What Is a Transfer of Mortgage?

Transfer of mortgage is a transaction where either the borrower or lender assigns an existing mortgage (a loan to purchase a property—usually a residential one—using the property as collateral) from the current holder to another person or entity. Homeowners who are unable to keep current on their mortgage payments may seek a transfer so that they do not default and go into foreclosure.

key takeaways

  • A transfer of mortgage is the reassignment of an existing mortgage, usually on a home, from the current holder to another person or entity.
  • Not all mortgages can be transferred; if they are, the lender has the right to approve the person assuming the loan.
  • Mortgage lenders often include a due on sale clause in their loans that prohibits a home seller transferring a mortgage to a buyer.

How a Transfer of Mortgage Works

A buyer may want to take on an older mortgage because such a transfer could let them take advantage of previous interest rates that may have been lower than the current market rates. A transfer of the mortgage, if completed successfully without challenge or stipulations, would not change the terms or length of the loan, leaving just the remaining outstanding balance to be paid off. Through a transfer of the mortgage, a buyer might also avoid having to pay closing
costs that are associated with buying a home with a new mortgage.

Not all mortgages are eligible for transfer. If it is, the mortgage is said to be "assumable." In order to transfer a mortgage, the mortgage lender will need to verify that the person or entity that will assume the loan has adequate income and credit history to be able to make payments in a timely manner.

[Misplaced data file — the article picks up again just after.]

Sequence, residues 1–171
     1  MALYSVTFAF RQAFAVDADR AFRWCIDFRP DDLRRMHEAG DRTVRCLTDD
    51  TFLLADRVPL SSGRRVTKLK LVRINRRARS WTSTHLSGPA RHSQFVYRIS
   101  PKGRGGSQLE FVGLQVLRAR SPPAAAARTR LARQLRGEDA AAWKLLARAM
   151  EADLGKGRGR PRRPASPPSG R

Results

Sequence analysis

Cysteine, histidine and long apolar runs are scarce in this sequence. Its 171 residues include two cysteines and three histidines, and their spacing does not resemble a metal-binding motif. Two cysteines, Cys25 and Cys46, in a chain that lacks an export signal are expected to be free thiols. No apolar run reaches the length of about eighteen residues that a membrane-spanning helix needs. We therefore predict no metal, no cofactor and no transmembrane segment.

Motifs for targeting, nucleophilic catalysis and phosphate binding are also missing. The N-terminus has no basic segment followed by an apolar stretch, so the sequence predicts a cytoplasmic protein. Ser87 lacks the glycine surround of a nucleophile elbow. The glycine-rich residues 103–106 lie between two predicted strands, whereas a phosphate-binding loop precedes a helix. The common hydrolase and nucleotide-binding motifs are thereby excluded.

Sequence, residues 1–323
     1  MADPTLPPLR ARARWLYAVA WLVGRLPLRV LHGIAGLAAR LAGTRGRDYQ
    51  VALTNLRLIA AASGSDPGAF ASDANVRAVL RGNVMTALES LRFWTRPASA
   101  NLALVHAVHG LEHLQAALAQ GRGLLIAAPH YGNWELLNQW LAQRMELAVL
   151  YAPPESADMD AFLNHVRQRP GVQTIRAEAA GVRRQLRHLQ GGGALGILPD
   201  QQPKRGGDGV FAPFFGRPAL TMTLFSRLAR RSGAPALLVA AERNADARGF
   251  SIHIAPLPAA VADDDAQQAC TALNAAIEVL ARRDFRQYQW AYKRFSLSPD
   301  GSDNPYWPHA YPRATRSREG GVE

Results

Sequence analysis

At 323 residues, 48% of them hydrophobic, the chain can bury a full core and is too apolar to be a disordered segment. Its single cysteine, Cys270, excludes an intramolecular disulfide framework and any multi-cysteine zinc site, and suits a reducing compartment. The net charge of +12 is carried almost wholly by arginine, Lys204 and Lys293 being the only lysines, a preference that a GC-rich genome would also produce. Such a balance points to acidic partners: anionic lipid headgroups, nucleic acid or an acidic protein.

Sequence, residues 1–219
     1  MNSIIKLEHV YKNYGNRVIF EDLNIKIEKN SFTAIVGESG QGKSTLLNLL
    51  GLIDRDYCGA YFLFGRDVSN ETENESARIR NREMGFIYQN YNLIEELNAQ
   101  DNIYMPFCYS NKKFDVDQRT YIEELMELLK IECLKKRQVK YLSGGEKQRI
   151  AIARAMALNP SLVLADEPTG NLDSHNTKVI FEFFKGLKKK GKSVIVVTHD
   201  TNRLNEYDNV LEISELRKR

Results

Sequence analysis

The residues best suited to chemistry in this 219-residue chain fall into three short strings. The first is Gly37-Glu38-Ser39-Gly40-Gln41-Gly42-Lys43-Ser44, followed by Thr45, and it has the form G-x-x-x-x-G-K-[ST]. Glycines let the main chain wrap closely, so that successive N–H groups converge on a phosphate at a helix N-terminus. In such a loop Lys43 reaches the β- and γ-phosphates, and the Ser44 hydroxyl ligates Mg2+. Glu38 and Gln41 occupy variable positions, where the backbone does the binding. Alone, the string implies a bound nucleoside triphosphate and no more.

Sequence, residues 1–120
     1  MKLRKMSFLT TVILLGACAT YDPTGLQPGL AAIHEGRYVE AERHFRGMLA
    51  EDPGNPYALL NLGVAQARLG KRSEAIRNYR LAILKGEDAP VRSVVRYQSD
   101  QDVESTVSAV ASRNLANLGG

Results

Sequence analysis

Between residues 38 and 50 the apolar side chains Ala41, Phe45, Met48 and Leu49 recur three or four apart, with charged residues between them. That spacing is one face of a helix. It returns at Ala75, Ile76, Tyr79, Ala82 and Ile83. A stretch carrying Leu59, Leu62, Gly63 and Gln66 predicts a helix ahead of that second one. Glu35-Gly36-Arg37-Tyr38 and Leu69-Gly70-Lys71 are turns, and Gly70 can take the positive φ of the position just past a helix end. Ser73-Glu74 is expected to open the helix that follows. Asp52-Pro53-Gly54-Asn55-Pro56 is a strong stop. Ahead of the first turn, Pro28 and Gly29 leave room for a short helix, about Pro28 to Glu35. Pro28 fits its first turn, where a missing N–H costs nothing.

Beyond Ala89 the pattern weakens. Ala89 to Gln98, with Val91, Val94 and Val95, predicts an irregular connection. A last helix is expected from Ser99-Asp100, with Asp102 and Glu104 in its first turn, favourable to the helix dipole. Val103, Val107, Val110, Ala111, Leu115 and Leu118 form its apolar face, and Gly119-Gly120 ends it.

If a borrower is not allowed to transfer a mortgage, due to the loan's underwriting, they may need to explore other options to avoid foreclosure. For example, they could work with their lender to see if it is possible to add another borrower/owner to the mortgage, which would enable him/her to make payments toward the unpaid loan balance. Or they could sell the home and have a potential buyer, colleague, family member, or another entity agree to make up any difference between the home's sale price and the unpaid loan balance.

Special Considerations for Transfer of Mortgage

Lenders who want to deter a transfer of mortgage might include a clause in the mortgage that requires the remaining balance of the loan to be due on the sale of the property. This due on sale clause ensures that when homeowners sell their houses, they cannot transfer the mortgage to the buyer (which could play a key part in a homebuyer's making an offer, especially if the mortgage interest was lower than the current market rates). These clauses in effect require the seller to repay the full outstanding balance on the loan, perhaps with the sale proceeds, and likewise compel the buyer to take out a new mortgage to make the purchase.

Under the 1982 Garn-St. Germain Act, lenders cannot enforce the due-on-sale clause in certain situations even though ownership has changed.

It is possible to avoid triggering such a “due on sale” clause by transferring the mortgage to an immediate family member, or to a spouse from whom one is legally separated or divorced. Further, the transfer may be a result of an inheritance following the death of the borrower, and the family member is moving into the home. In such an instance, the lender might not have grounds to prevent the transfer of the mortgage. If the property is transferred to a living trust and the borrower is the trust’s beneficiary, the mortgage can also be transferred as well, usually.